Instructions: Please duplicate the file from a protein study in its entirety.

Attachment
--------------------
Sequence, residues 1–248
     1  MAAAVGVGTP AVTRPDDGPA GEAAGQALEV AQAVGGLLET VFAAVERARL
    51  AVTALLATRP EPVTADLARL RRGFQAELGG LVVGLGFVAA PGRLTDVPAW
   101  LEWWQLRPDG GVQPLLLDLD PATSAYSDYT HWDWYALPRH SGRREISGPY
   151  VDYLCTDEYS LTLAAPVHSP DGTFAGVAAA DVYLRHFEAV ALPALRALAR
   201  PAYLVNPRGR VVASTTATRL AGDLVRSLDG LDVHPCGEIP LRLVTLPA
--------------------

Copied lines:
Sequence, residues 1–248
     1  MAAAVGVGTP AVTRPDDGPA GEAAGQALEV AQAVGGLLET VFAAVERARL
    51  AVTALLATRP EPVTADLARL RRGFQAELGG LVVGLGFVAA PGRLTDVPAW
   101  LEWWQLRPDG GVQPLLLDLD PATSAYSDYT HWDWYALPRH SGRREISGPY
   151  VDYLCTDEYS LTLAAPVHSP DGTFAGVAAA DVYLRHFEAV ALPALRALAR
   201  PAYLVNPRGR VVASTTATRL AGDLVRSLDG LDVHPCGEIP LRLVTLPA